Advancing the Prototype

(877 words, 5 minute read)

After my initial prototypes, I started thinking a lot about what I could actually execute and what was core to my game and its message. Although I would enjoy having a fully explorable 3D action adventure game, that’s probably not realistic for me to produce. More critically, the subject of my game does not materially depend on the player being able to move freely in 3D.

One of the challenges I started thinking about relatively quickly with having a fully 3D experience is the control of the camera. I’m not particularly interested in making this a first-person game and I don’t particularly enjoy having to control the camera manually as a player, both in terms of the UX and in terms of the narrative effected by manual camera control.

As I continue working on this game, one of the major themes that I’ve been keeping in mind is how the player, the player character, and the game are related to one another in reference to how an individual, their family, and society are related to one another. Just as an individual is shaped by society, they witness society just as they are witnessed by society in turn. The player character is not intended to exist in a vacuum; they should be seen not just by the player, but also by the game, who sees the player through the player character.

Asking the player to manually control the camera conveys an element of autonomy that I’m not looking to convey. A first-person camera or even a third-person camera under direct control of the player is placing the locus of perspective into the player and not into the game; it’s centering the player’s perspective on the game instead of centering the game’s perspective on the player character. There’s an element of what I’m looking for that wants to evoke the sensation of being seen; of being watched. So for me, giving the player manual control of the camera runs counter to these narrative goals.

Of course, it’s not necessarily the case that a game that has full 3D movement must give the player control of the camera. The challenge here would be implementing the camera logic in a way that can evoke a satisfying feeling of being watched, but also in such a way that we know that the camera isn’t accidentally clipping through the environment or obstructing the view of the player character when we don’t want it to do that. Obstructing the view of the player character can be interesting, which, actually supports the view that the player shouldn’t be in control of the player character, because the player would naturally prevent that from occuring. I’m not confident that I could properly design the camera logic for a full 3D experience where the player was not in control of the camera, but also the camera wasn’t doing anything entirely unintended in my project’s time budget. This seems much more reasonable if the game had a more limited range of motion. It is more important to me that the camera not be under the player’s control than that the environment be viewable from any angle, so a natural strategy is to restrict the angle at which the scene can be viewed. A handful of games do this very well. Lonely Mountains: Downhill is my favorite recent example, a 3D biking game where the player is not in control of the camera. Monument Valley does a good job here but also is playing with the 3D nature of perspective. Games rendered in an isometric perspective like Diablo or Bastion are only nominally 3D; to the player they’re practically in 2D.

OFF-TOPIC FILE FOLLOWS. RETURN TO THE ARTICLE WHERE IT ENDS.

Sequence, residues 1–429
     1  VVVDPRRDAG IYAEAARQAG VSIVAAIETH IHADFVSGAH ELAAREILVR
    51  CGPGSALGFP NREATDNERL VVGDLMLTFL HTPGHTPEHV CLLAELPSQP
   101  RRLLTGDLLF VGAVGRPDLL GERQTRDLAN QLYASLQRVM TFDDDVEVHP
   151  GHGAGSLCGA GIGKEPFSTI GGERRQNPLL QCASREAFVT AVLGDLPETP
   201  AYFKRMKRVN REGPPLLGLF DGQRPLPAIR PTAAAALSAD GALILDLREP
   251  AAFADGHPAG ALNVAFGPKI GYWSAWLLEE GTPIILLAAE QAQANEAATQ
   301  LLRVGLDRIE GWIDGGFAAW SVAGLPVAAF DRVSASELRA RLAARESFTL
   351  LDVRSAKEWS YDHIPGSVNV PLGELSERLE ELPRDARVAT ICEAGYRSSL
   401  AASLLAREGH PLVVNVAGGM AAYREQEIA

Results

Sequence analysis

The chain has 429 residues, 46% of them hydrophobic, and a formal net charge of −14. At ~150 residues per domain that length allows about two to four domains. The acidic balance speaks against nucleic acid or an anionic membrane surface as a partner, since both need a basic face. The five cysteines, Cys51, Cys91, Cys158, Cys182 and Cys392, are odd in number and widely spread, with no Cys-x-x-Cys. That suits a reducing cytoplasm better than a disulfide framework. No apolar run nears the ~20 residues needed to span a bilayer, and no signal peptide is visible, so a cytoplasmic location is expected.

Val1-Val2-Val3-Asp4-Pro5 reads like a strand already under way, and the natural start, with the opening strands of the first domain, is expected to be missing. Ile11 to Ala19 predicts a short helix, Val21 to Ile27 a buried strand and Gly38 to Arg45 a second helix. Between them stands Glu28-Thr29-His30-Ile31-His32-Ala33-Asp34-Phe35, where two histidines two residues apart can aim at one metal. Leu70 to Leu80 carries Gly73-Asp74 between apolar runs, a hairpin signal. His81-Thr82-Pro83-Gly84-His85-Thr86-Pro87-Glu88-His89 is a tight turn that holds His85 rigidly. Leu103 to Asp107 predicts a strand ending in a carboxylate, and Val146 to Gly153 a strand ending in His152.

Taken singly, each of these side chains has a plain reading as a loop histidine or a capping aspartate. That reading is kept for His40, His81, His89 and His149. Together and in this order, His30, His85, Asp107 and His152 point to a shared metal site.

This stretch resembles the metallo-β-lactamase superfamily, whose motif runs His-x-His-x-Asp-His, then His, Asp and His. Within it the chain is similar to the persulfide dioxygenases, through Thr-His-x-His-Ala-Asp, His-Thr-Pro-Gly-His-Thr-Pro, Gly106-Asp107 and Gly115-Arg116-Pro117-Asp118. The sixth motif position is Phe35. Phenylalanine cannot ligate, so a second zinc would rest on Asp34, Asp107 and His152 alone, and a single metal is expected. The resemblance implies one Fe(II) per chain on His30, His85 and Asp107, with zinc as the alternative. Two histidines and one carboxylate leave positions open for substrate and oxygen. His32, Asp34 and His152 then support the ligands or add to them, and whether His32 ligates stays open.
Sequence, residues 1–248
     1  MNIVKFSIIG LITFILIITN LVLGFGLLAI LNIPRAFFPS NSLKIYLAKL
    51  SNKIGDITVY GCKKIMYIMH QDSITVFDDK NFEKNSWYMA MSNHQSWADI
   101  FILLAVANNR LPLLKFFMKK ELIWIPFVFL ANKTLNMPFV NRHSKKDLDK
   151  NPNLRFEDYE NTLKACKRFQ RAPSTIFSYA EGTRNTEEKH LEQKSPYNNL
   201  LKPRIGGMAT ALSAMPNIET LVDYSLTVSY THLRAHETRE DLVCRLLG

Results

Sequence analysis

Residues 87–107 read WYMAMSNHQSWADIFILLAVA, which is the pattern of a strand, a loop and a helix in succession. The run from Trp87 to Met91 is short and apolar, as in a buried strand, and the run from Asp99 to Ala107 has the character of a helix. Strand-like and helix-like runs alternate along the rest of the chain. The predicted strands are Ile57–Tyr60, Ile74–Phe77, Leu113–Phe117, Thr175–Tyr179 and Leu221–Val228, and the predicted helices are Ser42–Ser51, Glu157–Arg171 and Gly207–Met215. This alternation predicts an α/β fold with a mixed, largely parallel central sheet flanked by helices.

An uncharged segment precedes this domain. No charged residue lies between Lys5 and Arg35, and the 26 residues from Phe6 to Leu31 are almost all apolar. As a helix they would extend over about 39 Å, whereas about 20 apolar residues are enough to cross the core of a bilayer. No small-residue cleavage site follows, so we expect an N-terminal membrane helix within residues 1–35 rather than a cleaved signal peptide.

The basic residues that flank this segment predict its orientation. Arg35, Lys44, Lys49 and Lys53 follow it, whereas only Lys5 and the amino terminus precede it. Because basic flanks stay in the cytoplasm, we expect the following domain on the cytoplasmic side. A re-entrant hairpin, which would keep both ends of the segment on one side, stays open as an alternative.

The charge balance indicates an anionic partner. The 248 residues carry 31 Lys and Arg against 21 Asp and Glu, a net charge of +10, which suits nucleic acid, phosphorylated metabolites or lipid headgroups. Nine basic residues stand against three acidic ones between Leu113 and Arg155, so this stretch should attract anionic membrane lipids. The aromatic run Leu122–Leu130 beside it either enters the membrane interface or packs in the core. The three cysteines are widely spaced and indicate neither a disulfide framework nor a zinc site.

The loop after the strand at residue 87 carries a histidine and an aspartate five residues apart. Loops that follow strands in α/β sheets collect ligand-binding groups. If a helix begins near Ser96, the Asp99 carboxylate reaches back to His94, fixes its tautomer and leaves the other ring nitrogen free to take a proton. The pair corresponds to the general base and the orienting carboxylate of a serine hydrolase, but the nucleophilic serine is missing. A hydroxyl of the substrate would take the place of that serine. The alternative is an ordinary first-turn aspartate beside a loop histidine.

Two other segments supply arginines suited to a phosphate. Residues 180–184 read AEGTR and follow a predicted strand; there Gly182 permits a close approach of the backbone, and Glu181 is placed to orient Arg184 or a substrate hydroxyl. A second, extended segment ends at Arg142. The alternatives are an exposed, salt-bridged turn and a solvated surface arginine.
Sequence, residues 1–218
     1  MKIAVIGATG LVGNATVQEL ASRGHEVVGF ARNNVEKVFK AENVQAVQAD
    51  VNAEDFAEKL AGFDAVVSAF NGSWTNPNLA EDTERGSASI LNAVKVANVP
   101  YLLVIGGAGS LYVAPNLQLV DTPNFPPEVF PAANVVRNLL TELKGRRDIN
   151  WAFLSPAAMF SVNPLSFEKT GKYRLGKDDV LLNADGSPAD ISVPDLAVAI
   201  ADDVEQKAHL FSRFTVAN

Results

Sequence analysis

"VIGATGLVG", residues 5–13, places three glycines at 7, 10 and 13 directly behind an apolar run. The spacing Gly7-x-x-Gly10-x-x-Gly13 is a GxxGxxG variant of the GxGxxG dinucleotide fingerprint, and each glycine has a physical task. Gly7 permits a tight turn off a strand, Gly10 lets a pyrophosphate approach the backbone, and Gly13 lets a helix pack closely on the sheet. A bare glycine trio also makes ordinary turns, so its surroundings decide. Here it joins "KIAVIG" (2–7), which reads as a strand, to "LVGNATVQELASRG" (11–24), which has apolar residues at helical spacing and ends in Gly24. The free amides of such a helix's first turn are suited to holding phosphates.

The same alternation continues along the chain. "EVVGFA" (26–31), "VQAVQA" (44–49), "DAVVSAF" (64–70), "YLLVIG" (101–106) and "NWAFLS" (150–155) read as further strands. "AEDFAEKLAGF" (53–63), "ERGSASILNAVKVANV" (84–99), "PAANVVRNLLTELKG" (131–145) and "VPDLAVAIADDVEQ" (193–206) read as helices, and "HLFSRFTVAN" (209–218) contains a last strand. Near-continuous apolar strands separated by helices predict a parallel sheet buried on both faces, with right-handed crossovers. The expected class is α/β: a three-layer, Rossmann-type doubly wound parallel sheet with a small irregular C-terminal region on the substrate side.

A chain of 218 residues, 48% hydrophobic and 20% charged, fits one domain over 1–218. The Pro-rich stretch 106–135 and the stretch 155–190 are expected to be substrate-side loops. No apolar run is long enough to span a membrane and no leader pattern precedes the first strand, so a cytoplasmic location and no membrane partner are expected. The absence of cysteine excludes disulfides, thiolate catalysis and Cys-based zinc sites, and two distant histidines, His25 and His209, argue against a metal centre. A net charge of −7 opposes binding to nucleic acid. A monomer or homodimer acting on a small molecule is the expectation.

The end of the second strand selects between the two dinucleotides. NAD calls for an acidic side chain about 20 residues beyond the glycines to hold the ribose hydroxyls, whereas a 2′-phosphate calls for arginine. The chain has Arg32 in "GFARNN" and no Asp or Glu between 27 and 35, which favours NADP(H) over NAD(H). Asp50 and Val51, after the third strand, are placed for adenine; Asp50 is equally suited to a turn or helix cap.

Where I’ve landed in what I want out of player movement, puzzle design opportunity, and camera control is to render the game in 3D but to have the player play in several 2D planes as if they are in lanes. Many months ago I originally drew the game in my napkin doodles this way; as if it was a platformer rendered with the lanes of the NES version of Excitebike. One of the benefits here is that we can move the camera at some portions of the game and keep it still at others. Jumping puzzles requiring the player jump accurately are made much more difficult by a moving camera, which disrupts the player’s ability to manage their trajectory. We still get the opportunity for verticality, and we open up the opportunity that an object in the environment can be present in some, but not all of the lanes. We get much of the benefit of the full 3D experience, while keeping the project’s scope under control, and sacrificing little if none of the narrative experience.

I’m also not particularly interested in making this game be too much about exploration. For me, much of the narrative here is about how a game dictates to the player a limited set of potential options much in the same way that society dictates to individuals a limited set of potential options. Practically speaking most people can’t do whatever they want, and I’m likewise not attempting to create a game in which people can do whatever they want. Players have two options: attempt to advance the state of the game or stop playing.